Melodies in the Eight Tones

In the Byzantine liturgical tradition, certain hymns are assigned a "tone" or musical group, from 1 to 8:

The hymns that use the eight-one system as troparia, kontakia, prokeimena, stichera, and the irmosy of canons. Whenever one of these hymns appears in the liturgical books, it will have the tone clearly marked:

Troparion, Tone 1. Save your people, O Lord, and bless your inheritance....

This tells the cantor what melody to use when singing the troparion. (In the Octoechos, of "book of the eight tones", the one may be given once at the start of each section, instead of at the heart of each hymn. Also, if several consecutive hymns are sung in the same tone, it is customary to mark the tone for the first hymn only.)

The eight tones in prostopinije

The prostopinije tradition provides the following melodies in the eight tones:

Even when these melodies are written out in musical notation, cantors need to learn them by heart in order to lead them properly. In parishes with a strong singing tradition, the melodies are widely known and congregations will sing them with only a small amount of direction.

Some tones have additional melodies (podobny) for troparia and stichera that are used on special occasions, as indicated in the liturgical books:

Troparion, Tone 2 podoben Jehda ot dreva. When the Arimathean took you lifeless from the cross, O Life of All...

Some of these melodies are well-known, while others are not. In general, if a very obscure melody is appointed, the cantor may choose to use the "ordinary" troparion or sticheron melody in the same tone.

Eight tone singing in practice

With the exception of irmosy (each one of which as its own melody), the eight tone melodies in prostopinije are built out of phrases which follow one another in regular order, sometimes ending with a different concluding phrase. Each phrase has a "reciting tone", a pitch on which a variable number of syllables can be sung.

In books without music, it is customary to mark the divisions between the phrases with a vertical bar or asterisk (*), so that an experienced cantor knows when to move from one phrase to the next. Bar lines serve the same function when hymns are written out with music. In either case, members of the congregation who are familiar with the melody can sing along, phrase by phrase, without requiring any real knowledge of musical notation.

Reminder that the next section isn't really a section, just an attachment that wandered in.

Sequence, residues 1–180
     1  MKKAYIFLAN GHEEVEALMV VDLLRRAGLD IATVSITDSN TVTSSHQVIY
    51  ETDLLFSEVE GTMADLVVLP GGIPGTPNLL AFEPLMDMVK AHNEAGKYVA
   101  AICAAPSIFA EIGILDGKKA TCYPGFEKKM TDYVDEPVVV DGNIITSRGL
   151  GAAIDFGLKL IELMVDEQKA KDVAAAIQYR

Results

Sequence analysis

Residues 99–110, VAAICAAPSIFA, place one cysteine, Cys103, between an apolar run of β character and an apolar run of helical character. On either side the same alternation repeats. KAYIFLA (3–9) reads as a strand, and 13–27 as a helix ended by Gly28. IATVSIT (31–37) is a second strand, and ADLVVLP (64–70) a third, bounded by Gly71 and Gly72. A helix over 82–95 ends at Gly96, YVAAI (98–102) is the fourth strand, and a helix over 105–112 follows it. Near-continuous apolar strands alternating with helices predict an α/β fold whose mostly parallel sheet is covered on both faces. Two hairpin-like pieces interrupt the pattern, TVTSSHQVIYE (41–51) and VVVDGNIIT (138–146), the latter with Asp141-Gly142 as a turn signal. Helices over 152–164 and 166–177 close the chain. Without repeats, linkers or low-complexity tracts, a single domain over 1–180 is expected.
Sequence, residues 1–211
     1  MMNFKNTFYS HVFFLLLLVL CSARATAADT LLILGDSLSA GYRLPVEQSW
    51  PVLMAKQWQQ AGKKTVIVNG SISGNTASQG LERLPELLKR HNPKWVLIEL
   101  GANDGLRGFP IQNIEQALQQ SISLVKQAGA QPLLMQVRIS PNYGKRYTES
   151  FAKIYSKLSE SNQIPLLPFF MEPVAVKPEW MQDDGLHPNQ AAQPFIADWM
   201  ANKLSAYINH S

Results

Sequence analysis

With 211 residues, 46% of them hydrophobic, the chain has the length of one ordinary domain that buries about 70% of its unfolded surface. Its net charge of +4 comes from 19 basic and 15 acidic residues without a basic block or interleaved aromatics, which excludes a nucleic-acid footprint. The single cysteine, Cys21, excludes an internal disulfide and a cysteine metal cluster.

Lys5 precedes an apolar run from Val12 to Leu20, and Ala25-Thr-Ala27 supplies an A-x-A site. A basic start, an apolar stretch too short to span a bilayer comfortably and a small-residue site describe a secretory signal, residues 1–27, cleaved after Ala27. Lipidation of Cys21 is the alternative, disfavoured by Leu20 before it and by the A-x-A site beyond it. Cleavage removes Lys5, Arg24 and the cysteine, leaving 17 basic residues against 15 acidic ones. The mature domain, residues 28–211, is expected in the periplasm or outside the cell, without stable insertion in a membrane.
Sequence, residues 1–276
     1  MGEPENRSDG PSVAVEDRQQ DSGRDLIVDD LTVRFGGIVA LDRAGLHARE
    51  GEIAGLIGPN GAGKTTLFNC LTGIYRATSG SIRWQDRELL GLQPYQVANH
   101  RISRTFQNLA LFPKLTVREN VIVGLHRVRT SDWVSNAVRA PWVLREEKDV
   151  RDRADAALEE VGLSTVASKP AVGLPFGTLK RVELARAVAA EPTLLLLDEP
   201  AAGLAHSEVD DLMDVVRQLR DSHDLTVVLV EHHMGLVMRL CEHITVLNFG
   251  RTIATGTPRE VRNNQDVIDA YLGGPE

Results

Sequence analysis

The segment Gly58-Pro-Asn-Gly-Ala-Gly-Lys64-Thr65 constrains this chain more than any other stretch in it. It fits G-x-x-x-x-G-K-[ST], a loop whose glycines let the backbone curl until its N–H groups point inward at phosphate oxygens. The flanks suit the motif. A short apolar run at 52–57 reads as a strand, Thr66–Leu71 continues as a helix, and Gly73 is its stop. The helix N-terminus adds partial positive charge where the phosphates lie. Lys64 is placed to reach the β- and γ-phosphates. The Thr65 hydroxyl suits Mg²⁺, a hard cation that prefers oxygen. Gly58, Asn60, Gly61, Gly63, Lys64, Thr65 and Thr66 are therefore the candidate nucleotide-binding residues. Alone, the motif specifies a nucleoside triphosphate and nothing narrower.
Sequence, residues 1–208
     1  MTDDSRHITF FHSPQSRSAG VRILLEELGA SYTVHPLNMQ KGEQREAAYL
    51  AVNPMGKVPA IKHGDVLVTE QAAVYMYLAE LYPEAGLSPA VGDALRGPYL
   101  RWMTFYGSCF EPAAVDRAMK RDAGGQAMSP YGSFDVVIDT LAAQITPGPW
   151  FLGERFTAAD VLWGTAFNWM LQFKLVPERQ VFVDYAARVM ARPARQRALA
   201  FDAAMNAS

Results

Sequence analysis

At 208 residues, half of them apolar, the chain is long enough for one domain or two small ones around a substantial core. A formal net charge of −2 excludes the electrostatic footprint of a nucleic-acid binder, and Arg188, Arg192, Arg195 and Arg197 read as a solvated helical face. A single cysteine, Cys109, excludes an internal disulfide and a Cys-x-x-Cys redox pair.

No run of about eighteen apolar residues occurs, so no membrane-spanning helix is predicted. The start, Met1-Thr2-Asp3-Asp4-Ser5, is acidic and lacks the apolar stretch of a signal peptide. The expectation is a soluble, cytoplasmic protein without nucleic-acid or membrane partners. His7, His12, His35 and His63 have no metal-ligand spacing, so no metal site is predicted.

Because eight-tone singing makes use of each singer's internal "knowledge" of the melody, the cantor's leadership is most important:

  1. at the beginning of the hymn;
  2. at the start of each phrase, particularly the last one
  3. at the conclusion of the final phrase

When several troparia or kontakia in a row are sung in the same tone, the singing itself is quite easy. The cantor needs step in precisely when the tone changes, to show the faithful which melody is to be used next.

Learning the eight tone melodies

Each of the following articles has a reference table of melodies, with links to tutorials for each tone, and collections of notated examples.

For a particular melody, read the tutorial article, then sing through the examples (many of which have recordings) until you have internalized the sequence of phrases, and how certain phrases may be sung in shorter or longer variants. Record your singing in each tone, then compare it with the notated music for that melody to ensure you are singing it correctly.

To review your knowledge of the eight tone melodies, sing through the Sunday hymns on pages 123-162 in our service book, The Divine Liturgies of our holy fathers John Chrysostom and Basil the Great.

How tones are assigned to hymns

The Byzantine liturgical tradition uses the eight tones in three ways:

A hymn or group of related hymns are assigned a tone when they are written, and this tone does not change. (There are a small number of texts which can be sung to any tone, but this occurs only at the Hours.) The tone is indicated at the start of each hymn or group of related hymns, together with the special melody if there is one.

Learning the ins and out of the eight tone system can take a lifetime, but this system of words and music adds both beauty and spiritual depth to our worship.